Friday, November 10, 2006
Let's start with the basics (and I apologize in advance if any of this is too basic--I assume many of you already know some of this, but I want to be certain that we're entirely clear on what we're discussing). The US interacts financially with the rest of the world (RoW) through two basic flows: the current account and the financial account. The current account (CA) is primarily the balance of trade (i.e. the value of what we export minus the value of what we import), but it also includes interest payments on debt that we pay to the RoW and remittances that people working in the US send to their families in the RoW. The financial account (FA) is primarily the balance of trade in assets: the value of financial assets purchased from the US by the RoW minus the value of the assets purchased from the RoW by the US. An asset is generally anything that stores value, so it includes, among other things, stocks, bonds, precious metals, treasury bills, and currency itself.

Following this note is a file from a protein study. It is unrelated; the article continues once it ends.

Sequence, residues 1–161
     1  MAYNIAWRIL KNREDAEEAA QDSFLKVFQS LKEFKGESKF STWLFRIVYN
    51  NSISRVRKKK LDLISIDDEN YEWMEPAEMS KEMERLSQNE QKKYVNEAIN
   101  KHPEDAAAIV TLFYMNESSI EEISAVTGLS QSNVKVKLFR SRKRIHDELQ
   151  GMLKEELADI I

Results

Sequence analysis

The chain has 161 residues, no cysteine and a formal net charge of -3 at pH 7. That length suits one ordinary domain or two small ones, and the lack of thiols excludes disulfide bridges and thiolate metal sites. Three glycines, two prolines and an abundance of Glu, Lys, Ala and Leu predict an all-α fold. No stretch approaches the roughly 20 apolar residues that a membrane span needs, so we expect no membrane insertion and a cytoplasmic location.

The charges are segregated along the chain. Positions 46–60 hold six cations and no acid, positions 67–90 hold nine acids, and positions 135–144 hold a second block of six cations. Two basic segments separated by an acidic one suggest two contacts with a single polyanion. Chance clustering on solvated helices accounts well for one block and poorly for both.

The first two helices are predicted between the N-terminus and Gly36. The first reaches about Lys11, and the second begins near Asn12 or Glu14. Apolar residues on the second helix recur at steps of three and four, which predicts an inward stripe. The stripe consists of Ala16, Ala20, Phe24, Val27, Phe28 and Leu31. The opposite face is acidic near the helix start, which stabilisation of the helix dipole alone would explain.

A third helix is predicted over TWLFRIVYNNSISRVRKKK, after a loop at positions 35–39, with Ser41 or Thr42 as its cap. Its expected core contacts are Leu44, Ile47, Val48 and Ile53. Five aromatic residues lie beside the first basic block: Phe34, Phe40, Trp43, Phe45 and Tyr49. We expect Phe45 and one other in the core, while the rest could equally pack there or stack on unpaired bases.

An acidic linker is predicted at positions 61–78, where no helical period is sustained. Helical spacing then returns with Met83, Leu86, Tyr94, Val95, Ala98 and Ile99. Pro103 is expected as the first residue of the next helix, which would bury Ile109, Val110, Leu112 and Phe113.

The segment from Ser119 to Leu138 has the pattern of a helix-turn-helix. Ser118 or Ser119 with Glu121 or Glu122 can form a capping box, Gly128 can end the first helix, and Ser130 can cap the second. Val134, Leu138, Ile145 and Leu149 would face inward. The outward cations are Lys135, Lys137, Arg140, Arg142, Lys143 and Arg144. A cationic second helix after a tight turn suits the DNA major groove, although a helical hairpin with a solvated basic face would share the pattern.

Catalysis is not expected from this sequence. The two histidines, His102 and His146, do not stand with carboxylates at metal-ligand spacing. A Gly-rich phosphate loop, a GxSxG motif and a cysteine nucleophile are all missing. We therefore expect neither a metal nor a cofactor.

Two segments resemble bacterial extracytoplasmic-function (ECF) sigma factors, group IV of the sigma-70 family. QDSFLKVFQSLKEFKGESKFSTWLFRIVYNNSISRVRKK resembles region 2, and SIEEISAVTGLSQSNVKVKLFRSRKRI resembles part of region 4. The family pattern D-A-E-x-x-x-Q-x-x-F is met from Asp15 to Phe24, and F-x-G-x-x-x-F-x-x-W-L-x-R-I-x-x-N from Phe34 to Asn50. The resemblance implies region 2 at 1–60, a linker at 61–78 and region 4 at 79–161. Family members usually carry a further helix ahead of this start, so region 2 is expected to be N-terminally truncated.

CA + FA = 0. This is a mere accounting identity, and in the long run it must hold. If the current account is in deficit (as the US's is), the financial account must be in surplus (as the US's also is, of course). The reason is fairly straightforward: if we buy more stuff (in value terms) from the RoW than they buy from us, how are we going to pay for it?
The obvious answer is that we borrow the money, and that's essentially correct. We sell assets to the RoW, and the money that we get is enough to cover all of our purchases from abroad. Again, in the long run, it has to be. But remember that "borrow" is a non-exact term for everything that goes on in the FA. If a foreigner buys a share of stock in an American company, we aren't in debt to that foreigner. Furthermore, it's not like when I borrow money from my mom. We don't have to call China and ask for the money; they lend it because they want to. And I don't mean that they want to lend us money in an evil loan-shark way; they want to because of their own economic objectives (more on that later).